Brexit: British PM Theresa May faces another defeat after deadlock

Prime Minister Theresa May speaks during the Brexit debate in the House of Commons London

Prime Minister Theresa May speaks during the Brexit debate in the House of Commons London

Theresa May's government declared Brexit talks are "deadlocked" as ministers urged the European Union to make a last minute concession to stop the deal being thrown out by Parliament this week.

Britain is due to pull out of the European Union in less than three weeks, on March 29, but the government has not been able to win parliamentary approval for its agreement with the bloc on withdrawal terms and future relations.

Parliament rejected May's deal by 230 votes on January 15, prompting the British leader to return to Brussels in search of changes to address the so-called Irish backstop - an insurance policy created to prevent the return of a hard border between Ireland and Northern Ireland.

Foreign Secretary Jeremy Hunt has issued a stark warning to Tory MPs that they risk losing Brexit altogether if they fail to back Theresa May's deal in the crunch Commons vote on Tuesday.

British parliament will vote whether the country needs more time for an orderly exit. She has already said she will stand down before the next election, in 2022, but there is already pressure from inside her own Conservative Party for her to quit within the next few weeks if she can not deliver Brexit on time. "Whether they listen or not is another matter", a senior member from the Conservative Party told the newspaper.

Many British lawmakers object to the policy on the grounds that it could leave Britain subject to European Union rules indefinitely and cleave Northern Ireland away from the rest of the country.

Leadsom appealed to Labour, Conservative and Scottish Nationalist Party members to back the deal and defer seeking changes until they debate legislation in the weeks ahead.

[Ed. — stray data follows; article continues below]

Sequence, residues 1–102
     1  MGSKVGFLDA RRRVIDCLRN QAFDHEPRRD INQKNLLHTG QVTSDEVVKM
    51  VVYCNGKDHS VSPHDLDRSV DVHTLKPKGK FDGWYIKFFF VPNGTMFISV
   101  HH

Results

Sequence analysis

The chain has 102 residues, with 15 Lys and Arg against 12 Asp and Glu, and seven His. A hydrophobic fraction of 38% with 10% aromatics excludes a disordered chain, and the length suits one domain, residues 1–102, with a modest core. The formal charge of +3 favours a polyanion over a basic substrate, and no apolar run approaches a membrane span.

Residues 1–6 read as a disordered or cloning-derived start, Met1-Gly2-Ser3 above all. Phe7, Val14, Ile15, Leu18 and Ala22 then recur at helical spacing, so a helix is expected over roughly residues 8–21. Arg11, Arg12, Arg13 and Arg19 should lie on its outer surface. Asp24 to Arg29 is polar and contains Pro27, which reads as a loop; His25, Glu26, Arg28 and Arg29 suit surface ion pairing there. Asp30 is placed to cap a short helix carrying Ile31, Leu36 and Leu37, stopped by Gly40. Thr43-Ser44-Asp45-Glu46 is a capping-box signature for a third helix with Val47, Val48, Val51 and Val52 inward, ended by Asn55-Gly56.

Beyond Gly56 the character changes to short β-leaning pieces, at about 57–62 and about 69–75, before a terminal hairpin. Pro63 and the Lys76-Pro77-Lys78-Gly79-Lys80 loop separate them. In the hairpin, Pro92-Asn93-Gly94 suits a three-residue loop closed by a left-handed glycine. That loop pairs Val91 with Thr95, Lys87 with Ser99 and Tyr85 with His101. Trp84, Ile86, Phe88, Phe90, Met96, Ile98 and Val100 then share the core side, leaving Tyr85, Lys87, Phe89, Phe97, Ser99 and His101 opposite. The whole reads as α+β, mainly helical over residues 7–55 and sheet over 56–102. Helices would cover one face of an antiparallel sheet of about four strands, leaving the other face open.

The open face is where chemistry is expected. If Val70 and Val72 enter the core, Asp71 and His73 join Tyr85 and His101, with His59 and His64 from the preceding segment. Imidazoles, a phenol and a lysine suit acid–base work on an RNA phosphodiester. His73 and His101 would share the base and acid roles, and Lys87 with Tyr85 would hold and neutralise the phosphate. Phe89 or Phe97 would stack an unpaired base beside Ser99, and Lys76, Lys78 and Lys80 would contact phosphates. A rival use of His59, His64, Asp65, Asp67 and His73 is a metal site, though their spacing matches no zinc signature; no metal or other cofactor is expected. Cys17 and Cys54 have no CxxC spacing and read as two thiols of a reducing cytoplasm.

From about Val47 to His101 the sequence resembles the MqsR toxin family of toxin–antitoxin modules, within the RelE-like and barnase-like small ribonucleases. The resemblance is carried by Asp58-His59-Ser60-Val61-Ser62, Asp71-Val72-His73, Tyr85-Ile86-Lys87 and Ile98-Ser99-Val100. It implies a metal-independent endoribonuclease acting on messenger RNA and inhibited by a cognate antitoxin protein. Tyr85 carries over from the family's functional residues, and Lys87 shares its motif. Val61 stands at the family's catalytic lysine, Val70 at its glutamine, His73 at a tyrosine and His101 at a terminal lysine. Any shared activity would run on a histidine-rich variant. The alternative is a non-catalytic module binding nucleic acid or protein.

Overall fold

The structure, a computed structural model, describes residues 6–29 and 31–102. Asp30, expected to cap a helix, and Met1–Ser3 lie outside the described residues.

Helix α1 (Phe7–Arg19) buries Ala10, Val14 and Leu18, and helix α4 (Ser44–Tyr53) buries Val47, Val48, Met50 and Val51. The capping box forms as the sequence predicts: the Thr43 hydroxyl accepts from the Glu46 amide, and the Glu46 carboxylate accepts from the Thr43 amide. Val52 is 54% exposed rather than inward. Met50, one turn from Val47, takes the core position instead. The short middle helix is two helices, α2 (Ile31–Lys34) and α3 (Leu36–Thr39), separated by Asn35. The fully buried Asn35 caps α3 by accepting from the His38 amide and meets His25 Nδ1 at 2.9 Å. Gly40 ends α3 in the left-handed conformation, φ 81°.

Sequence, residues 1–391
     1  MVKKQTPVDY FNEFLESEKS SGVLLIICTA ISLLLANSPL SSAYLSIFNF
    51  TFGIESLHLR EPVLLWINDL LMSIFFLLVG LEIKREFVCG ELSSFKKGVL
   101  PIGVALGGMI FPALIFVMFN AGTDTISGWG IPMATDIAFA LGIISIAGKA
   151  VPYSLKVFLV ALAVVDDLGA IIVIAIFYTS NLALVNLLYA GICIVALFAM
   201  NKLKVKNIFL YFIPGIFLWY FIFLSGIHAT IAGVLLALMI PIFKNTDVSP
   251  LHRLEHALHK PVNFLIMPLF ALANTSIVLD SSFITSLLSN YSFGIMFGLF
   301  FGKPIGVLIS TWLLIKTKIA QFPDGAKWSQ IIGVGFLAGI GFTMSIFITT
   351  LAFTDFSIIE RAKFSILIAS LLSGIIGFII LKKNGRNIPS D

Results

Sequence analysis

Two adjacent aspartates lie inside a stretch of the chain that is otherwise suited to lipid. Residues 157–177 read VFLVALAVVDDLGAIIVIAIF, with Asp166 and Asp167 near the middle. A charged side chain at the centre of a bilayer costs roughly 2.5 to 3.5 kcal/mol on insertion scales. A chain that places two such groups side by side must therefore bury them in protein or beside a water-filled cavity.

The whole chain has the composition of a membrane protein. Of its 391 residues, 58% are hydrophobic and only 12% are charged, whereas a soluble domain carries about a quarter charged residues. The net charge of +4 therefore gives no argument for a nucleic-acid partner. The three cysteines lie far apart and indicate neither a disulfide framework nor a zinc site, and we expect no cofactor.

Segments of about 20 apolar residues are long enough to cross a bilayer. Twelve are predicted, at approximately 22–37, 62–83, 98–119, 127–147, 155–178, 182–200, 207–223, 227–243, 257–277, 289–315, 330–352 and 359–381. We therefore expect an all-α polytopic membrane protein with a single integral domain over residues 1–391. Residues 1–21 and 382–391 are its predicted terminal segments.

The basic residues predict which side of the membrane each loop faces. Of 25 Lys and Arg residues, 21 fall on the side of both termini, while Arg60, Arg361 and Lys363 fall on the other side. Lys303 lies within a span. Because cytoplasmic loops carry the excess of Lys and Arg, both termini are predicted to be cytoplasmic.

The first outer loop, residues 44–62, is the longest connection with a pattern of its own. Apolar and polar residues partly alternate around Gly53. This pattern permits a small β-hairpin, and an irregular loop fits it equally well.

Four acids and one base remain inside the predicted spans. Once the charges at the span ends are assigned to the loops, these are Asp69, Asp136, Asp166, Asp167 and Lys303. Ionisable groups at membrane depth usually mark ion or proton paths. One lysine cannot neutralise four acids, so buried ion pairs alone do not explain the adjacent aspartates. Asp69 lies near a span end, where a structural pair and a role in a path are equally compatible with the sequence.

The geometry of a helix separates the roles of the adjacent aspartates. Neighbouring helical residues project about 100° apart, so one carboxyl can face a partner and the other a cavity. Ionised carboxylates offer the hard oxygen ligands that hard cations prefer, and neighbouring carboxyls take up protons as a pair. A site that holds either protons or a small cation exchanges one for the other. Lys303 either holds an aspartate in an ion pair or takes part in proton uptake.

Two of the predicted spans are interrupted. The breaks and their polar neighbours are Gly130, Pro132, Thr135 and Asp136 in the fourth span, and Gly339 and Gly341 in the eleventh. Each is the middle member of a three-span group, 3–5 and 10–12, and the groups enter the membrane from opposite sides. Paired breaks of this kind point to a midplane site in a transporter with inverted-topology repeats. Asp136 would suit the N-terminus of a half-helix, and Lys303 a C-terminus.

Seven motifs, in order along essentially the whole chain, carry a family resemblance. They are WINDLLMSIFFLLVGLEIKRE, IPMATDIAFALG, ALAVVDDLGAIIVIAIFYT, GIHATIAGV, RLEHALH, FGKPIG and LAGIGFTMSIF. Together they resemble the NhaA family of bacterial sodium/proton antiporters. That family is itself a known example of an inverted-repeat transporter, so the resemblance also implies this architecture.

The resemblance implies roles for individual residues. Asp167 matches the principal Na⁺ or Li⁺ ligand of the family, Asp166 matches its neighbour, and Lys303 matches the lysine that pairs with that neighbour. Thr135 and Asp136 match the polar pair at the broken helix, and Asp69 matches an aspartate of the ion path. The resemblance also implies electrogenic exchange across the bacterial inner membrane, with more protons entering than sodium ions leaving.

May's deal was struck during more than a year of tough negotiations, and covers Britain's financial settlement, expatriate rights, the Irish border and plans for a transition period.

Late Monday, Cabinet Office Minister David Lidington announced in the House of Commons that the two sides had agreed on "legally binding changes" to a portion of the deal relating to the Irish border.

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The prime minister has warned that a defeat risks scuttling her blueprint for Brexit and replacing it with a scaled-down plan, potentially keeping the United Kingdom inside the EU's single market and customs union.

The shadow Brexit secretary, Keir Starmer, immediately cast doubt on whether the changes would actually be legally binding, saying: "It sounds again that nothing has changed".

A plane was reported to be on standby at RAF Northolt to fly her to Brussels to clinch an agreement if there was any sign of a deal emerging from talks over the weekend between officials.

Fellow MP Jacob Rees-Mogg, an influential Brexit supporter, wrote in the Express: "Leaving without an agreement is nothing to be frightened about".

The government's motion, due to be voted on by MPs on Tuesday, refers to a unilateral declaration setting out the sovereign action the United Kingdom would take to ensure the backstop would only be applied temporarily.

The EU has said it is now up to MPs to decide the next steps for Brexit and it remains "committed" to agreeing a deal.

Any delay would have to be approved by the leaders of the other 27 nations, who are next meeting at a Brussels summit on March 21-22 - a week before Brexit day.

The talks are still continuing on Monday, only a day before the withdrawal agreement, which May said the backstop would be replaced by alternative arrangements, will see a second vote in the parliament on Tuesday.

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